December 16, 2019

Dr Penny Hagen

Hosted by: OPEN – Research to Practice Hub  (CFECFW)

Date: 19 November 2019                          Location: CFECFW

Background

Dr. Penny Hagen is the Co-Design Lead at the Auckland Co-Design Lab. She assists organisations and teams to apply participatory and developmental approaches to the design and implementation of strategy, programs, policies and services with a social outcomes focus.

Presentation Overview

This full day, interactive workshop explored the benefits and challenges of creating authentic co-design practices with local families. Penny shared with us her extensive knowledge of co-design practice, as well as her personal experiences of working with families and communities – whose perspectives she acknowledges as informing her own understanding. Penny’s reflections are provided below.

I’m sharing on behalf of the learnings that families and communities have shared with us

The challenges of participatory co-design

“Co-design harnesses the knowledge and creativity of citizens and staff in identifying problems and generating and implementing solutions – it offers the opportunity to uncover the real barriers to, and accelerants of, progress.”  (The Future State Project: Meeting the Challenges of the 21st Century, Institute of Policy Studies (IPS), Policy Quarterly, Volume 6, Issue 3 – August 2010)

Co-design is not neutral: it is strongly focused on changing the status quo. Engaging communities in authentic participation involves privileging their perspectives. It avoids perpetuating disempowering relationships with Indigenous families. It requires us to see ourselves as guests, and critically self-reflect on our behaviour and our role.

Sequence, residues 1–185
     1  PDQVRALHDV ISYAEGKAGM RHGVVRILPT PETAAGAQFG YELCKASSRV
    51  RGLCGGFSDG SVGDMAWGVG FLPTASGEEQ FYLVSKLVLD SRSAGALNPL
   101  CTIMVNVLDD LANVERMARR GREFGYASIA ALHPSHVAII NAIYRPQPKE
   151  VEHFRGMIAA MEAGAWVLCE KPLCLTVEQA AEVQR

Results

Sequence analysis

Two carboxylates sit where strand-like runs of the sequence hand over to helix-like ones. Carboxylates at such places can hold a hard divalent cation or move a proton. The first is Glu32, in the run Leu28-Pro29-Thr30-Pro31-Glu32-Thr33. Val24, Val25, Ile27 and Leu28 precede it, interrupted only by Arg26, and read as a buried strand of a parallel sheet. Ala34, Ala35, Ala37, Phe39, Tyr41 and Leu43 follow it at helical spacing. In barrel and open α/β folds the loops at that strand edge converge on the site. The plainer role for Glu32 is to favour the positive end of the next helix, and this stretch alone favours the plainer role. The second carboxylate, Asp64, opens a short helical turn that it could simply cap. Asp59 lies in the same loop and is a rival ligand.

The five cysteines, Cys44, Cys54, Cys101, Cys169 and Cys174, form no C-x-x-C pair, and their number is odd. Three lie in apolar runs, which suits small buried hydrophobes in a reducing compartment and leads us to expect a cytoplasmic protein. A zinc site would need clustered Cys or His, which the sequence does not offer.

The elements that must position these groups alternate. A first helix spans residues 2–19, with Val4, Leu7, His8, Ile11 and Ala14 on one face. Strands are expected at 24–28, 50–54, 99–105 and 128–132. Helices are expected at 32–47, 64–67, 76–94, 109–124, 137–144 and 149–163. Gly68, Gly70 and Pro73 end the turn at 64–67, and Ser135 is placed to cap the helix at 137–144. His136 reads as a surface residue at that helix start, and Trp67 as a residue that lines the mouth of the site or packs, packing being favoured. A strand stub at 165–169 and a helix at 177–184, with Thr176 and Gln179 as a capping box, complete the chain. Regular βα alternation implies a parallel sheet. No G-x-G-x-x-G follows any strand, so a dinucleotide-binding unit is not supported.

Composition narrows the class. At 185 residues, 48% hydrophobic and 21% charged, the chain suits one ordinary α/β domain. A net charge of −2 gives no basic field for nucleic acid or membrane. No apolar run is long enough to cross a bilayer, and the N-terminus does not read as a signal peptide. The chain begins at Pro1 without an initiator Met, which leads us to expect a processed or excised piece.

Co-design practice should be values-led, so that the process enhances the wellbeing of participants. And it should always be culturally grounded, and place-based because connection to place is very important for communities. This is also important because the cultural protocol (tamariki) of communities differs, and this influences the design process.

When designing, The Auckland Co-Design Lab works with multiple types of evidence, sees these as informing each other and tests them with families in their communities. These include Lived experience – Indigenous knowledge – Western science. This type of co-design means knowledge is transferring both ways between ourselves and the community.

This approach flips where the expertise lies; as social innovation agents we need to be ‘in service’ of the change that our families want. It is not important what outcomes services providers may want but what outcomes matter to families.  Successful co-design also requires us to to create systems, funding arrangements and knowledge-sharing networks to enable this work.

At the moment, there is a significant work to be done in our sector to create opportunities for authentic participation. We need to be willing to invest in discovery work, and be evaluation-ready from the beginning of our projects. We need to be willing to shift our language and our focus to privilege the needs of families. We can all be leaders in shifting our organisations’ understanding of authentic client participation.

Multiple additional insights emerged through discussion of Penny’s two case studies. Some of Penny’s key reflections on these experiences include the importance of :

  • focusing on a family’s protective factors – these conversations activate prevention opportunities
  • building on existing networks and systems within the local council and community
  • keeping stakeholders involved all the way through the project – ask them to walk through and visit regularly
  • transparency, trust and respect between all stakeholders
  • remuneration as vital to acknowledging the expertise of families
  • ensuring we achieve outcomes from the process, part of this is prototyping possible solutions, trying new things, learning and retrying. There needs to be acceptance of trial and error learning
  • interrogating our criteria for ‘good’ outcomeswhose voice do they privilege?

Resources for Review